Iraqi Election Triumphalism
Stephen Bainbridge warns that we should be cautious before getting too giddy over yesterday’s elections:
Who can deny that the election today in Iraq is a good thing? The voting reportedly went remarkably well. Yet, the triumphalism I’m seeing on the war blogs and hearing on talk radio strikes me as unwarranted. Democracy is a lot more than elections. The old Soviet Union had elections, after all. Iran has elections all the time, which lately have been electing hard line Islamofascists, a point that strikes me as very relevant to today’s events. Heck, even Hitler got elected back in 1933. So let’s not count our chickens before they hatch. If five years from now, Iraq is a peaceful, multi-ethnic federal state, we can all look back on today fondly. If five years from now, Iraq is run by a pro-Iranian bunch of Shia mullahs and riven by ethnic strife, today will have meant exactly squat. The mission is not accomplished.
DailyKos’ mcjoan makes a similar point:
Can all the purple fingers in Iraq solve the question of Shiite, Sunni, and Kurdish integration? Given the level of distrust, violence, and hatred we’ve seen thus far, I’d say not yet.
I agree fully that “Democracy is a lot more than elections” and that there’s still a lot of things that could go wrong. I’ve said so repeatedly since the war started. But, with those important caveats noted, reacting to events and trends is why we all gather around the computer to read blogs.
The nature of punditry is reaction to the moment. While “wait and see” is almost always good advice, it makes for some very uninteresting commentary. This is true regardless of topic.
The Indianapolis Colts are 13-0. Should we wait to see whether they win the Super Bowl before talking about how well their season is going? For that matter, we won’t know if they’re as good as the 1950s Cleveland Browns, 1960s Packers, 1970s Steelers and Cowboys, 1980s 49ers, 1990s Cowboys, or the Patriots of the last few years for quite some time. It’s rather silly to talk about what a good team they are until all the facts are in.
President Bush’s poll numbers are low (although rising slightly). But, after all, he still has another three years plus remaining in his term. And, really, proper judgment of the policies he’s put into place will be made by historians decades from now. Should we refrain from discussing them in the heat of the moment?
Furthermore, the Iraqi elections are of a different piece than those of the old Soviet Union or present day Iran. The people of the USSR were not free to choose from competing candidates; the Iraqis were. The mullahs restrict the candidates and parties which may run in Iran and there’s good reason to believe that the vote counting itself is rigged; neither of those are true except perhaps at the margins in Iraq. The German elections of 1933 were generally free, although accompanied by substantial thuggery and intimidation on the part of the Nazis and coupled with the outlawing of a popular opposition party after the Reichstag fire. The Iraq elections are rather the opposite: there was massive voter turnout in the face of thuggery and intimidation on the part of those trying to derail the elections.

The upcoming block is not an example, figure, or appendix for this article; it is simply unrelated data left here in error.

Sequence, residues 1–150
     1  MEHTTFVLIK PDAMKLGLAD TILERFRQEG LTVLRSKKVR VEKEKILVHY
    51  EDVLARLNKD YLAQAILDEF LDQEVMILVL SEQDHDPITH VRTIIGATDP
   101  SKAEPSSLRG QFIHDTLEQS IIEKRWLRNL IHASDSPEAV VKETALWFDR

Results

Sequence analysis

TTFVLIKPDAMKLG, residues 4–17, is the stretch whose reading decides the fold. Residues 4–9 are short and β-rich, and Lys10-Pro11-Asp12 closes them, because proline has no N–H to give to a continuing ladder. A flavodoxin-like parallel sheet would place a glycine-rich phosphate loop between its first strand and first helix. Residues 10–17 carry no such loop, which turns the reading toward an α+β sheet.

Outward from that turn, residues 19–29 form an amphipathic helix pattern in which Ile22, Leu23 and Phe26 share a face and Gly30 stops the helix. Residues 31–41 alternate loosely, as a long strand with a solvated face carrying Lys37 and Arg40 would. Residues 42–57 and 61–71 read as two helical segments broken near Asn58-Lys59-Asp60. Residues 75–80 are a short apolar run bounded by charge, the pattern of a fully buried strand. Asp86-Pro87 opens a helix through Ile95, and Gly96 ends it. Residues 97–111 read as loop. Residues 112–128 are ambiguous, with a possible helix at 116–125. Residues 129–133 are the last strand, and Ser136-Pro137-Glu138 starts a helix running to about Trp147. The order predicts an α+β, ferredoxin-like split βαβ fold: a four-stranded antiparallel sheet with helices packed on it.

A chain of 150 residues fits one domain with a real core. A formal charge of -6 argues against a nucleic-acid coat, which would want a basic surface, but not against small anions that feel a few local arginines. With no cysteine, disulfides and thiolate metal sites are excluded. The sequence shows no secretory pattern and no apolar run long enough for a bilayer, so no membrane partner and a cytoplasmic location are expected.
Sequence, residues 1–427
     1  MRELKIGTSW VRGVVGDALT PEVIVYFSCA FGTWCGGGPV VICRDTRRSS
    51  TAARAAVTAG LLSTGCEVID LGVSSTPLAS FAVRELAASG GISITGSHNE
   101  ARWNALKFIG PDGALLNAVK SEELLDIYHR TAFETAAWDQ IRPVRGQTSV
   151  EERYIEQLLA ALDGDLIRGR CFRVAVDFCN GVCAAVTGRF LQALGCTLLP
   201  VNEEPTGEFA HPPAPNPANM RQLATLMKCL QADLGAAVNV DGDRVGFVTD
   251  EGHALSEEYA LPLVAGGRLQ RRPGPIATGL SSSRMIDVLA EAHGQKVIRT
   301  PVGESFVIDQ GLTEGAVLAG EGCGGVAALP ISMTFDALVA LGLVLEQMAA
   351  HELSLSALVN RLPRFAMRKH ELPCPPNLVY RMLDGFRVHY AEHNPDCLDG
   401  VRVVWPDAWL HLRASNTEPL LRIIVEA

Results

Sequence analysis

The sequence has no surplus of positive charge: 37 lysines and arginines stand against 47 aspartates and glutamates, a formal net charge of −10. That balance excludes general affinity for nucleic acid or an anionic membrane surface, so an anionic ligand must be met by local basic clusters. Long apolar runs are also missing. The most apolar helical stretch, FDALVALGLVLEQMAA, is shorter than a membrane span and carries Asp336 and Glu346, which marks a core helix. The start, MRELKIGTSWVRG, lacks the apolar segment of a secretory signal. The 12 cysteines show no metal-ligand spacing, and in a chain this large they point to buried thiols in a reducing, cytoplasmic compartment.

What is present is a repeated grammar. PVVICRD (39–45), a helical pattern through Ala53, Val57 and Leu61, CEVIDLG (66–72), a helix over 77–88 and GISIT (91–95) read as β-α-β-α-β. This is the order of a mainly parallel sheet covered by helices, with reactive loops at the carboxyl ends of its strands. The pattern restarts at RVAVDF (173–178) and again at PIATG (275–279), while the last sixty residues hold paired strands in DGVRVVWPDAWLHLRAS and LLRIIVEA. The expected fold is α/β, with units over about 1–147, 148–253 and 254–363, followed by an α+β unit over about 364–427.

I agree, too, that it would be a bad thing indeed if “Iraq is run by a pro-Iranian bunch of Shia mullahs and riven by ethnic strife” down the road. I discussed that possibility just yesterday morning. There are, however, several provisions of the Iraqi constitution that make it difficult for that to happen. We’ll know more about the outcome of the election in a few days, after ballots are counted and the wrangling necessary to put together a governing coalition gets started. It looks incredibly unlikely that an extremist government will emerge from yesterday’s results. Whether one emerges down the line has a lot to do with how well the first one does at meeting the needs of the people, not the least of which is security.
So Bainbridge is right–we won’t know the outcome for some time. But political junkies, like sports fans, don’t want to wait around for several years to see how it comes out–we want to talk about it now and reserve the right to change our minds as events unfold. I’ve done that several times during this NFL season, depending on the game-to-game fortunes of the Cowboys. Similarly, my confidence as to our ability to pull off this grand endeavor in Iraq has had highs and lows; it’s pretty high at the moment.
Bainbridge closes his post with this popular refrain:
BTW, speaking of the mission, if the money and manpower put into Iraq over the last three years so that today’s vote could happen had been put into Afghanistan, would we have caught Osama by now? Just wondering.
This is unknowable, I suppose. My strong guess, however, is No. The best chance to catch Osama in Afghanistan was in the hours after the 9/11 attacks. By waiting so long to launch military action, our opportunity to catch him was greatly diminished.
Of course, a dead or captured Osama would have virtually no impact on the state of terrorism in the world. As we’ve seen time and again, killing or capturing “top al Qaeda officials” just causes the promotion of slighly lower ranked al Qaeda officials.
A secular democracy in the heart of the Arab world, on the other hand–however far we are from achieving that–would have a huge ripple effect across the region. I’m far from sure that we will achieve that goal and doubt that I could have been convinced to commence this war with that as the primary mission. If successful, however, it will be among the major turning points in history.
Update: Some sort of TypePad glitch has hidden or deleted Bainbridge’s last week of posts and is preventing him from posting today. (via email)
Corrections: Two minor proofreading errors that dramatically altered the meaning of the post have been corrected from the original after emailed alerts from readers.